REUNION REFLECTIONS: Anthony Korvas “Breaking barriers to a great career”

The Sixties are known as a period of great political, social and cultural change in the United States and much of the world. That was true of osteopathic medicine, too, as members of the profession fought for equal recognition of their allopathic peers. Among them was Anthony Korvas, D.O.’69.

“We broke a lot of barriers. We faced a lot of antagonism, mainly because of perceived economic competition,” he says. “We were sort of the pioneers in opening up gateways to what was then M.D. property.”

Dr. Korvas and his classmates, who will celebrate their 50-year DMU reunion in May, were well equipped to represent their profession. “In our postgraduate training, we were so far ahead of the M.D.s,” he says. “We had had a lot more exposure to clinical practice with our rotations.”

Professional prejudice against D.O.s, although it was starting to wane, did not prevent Dr. Korvas from enjoying a diverse career. He was promoted to captain in the U.S. Army and served as a battalion surgeon, flight surgeon and emergency room surgeon at Womack Army Medical Center in Fort Bragg, NC. He retired from the U.S. Army Medical Corps as a full colonel. “That was unheard of for a D.O.,” he says.

He has had myriad other roles in medicine, including director of the emergency department of Doctors Hospital in Plantation, FL, where he chaired several seminars and committees; medical director of the Sunrise, FL, Health Center and Sunrise Fire Rescue Department; and faculty positions at Nova-Southeastern College of Osteopathic Medicine in Davie, FL, and Presbyterian-St. Luke’s osteopathic family medicine residency program in Denver. He was a charter member and then fellow and board trustee of the American College of Osteopathic Emergency Physicians as well as president of the Colorado Society of Osteopathic Medicine, among other professional roles.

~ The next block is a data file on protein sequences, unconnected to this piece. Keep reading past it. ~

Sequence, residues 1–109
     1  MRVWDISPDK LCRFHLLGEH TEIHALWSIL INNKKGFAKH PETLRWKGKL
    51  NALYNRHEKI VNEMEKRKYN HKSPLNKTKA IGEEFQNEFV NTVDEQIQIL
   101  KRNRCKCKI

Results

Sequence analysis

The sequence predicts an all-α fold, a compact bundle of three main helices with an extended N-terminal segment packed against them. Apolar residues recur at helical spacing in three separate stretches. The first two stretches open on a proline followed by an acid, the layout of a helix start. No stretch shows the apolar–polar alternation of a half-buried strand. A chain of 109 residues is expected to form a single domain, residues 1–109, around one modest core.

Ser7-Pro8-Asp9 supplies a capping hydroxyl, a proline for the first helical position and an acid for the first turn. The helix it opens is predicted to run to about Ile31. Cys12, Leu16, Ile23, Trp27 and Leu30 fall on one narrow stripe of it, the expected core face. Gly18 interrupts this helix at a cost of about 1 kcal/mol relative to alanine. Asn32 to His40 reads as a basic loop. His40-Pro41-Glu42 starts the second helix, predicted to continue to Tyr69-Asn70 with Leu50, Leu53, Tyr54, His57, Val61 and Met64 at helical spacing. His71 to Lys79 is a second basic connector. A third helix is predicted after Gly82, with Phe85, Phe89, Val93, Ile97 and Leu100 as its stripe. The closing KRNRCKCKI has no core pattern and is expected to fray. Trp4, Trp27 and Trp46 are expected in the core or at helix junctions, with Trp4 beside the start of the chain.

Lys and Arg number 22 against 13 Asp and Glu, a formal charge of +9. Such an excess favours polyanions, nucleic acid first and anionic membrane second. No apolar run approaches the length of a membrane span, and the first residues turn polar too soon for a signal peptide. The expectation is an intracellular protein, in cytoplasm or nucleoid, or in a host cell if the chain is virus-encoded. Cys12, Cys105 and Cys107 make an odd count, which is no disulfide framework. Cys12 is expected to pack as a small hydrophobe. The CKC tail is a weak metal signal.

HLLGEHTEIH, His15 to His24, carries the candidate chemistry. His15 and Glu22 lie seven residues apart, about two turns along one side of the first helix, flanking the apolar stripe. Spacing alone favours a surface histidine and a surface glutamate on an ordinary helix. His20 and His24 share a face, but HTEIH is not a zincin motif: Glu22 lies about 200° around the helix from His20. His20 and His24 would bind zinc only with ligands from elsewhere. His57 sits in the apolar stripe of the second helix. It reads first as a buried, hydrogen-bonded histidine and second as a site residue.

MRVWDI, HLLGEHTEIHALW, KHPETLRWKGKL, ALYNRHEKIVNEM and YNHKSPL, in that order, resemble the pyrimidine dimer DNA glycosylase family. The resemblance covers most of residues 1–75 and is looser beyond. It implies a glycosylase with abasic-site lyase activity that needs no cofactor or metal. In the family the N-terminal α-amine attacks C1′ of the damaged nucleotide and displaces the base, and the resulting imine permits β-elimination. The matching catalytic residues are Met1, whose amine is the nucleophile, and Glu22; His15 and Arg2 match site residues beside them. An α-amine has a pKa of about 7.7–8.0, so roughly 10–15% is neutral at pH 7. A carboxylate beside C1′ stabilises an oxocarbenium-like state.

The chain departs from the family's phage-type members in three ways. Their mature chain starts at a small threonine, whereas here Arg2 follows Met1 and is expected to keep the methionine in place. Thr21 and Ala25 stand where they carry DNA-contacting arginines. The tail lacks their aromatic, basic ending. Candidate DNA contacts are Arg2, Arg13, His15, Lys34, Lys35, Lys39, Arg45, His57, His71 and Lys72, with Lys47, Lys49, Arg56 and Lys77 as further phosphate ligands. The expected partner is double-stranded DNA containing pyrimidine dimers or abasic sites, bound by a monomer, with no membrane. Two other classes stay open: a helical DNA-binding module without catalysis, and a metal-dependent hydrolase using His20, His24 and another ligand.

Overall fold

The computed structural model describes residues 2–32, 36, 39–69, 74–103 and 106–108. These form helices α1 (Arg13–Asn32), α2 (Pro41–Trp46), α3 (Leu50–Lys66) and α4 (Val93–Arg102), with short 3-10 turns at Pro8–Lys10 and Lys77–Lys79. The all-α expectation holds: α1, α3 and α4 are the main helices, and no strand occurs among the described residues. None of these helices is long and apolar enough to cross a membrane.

“I’ve really enjoyed my career,” he says. “It provided me with an unbelievable amount of opportunity. I did a lot of things I never thought I could do.”

Dr. Korvas and his wife, Cathy, have done a lot for DMU, too. As a student in the College of Osteopathic Medicine and Surgery (COMS), now DMU, in 1966 he raised the most funds among his classmates in sales of the osteopathic Christmas seal, then an annual competition among osteopathic colleges to generate support for student scholarships and research. Rather than pocket his cash prize, he donated it back to COMS. In recent years, the couple made a gift through their estate to create the Anthony C. Korvas, D.O.’69, and Cathy Korvas Scholarship to benefit DMU osteopathic students.

“I got a great education at the school. We want to enable the school to give future students what was given to me,” he says.

Dr. Korvas also wants his classmates to join him for their reunion. “I’m looking forward to seeing people I haven’t seen in years,” he says. “Come to the reunion to see old pals, reminisce about what it was like in medical school and talk about our time as D.O.s.”

Talk about YOUR time at DMU during your reunion: To see the schedule of events, find out who’s coming, register your attendance and more, visit the reunion website.

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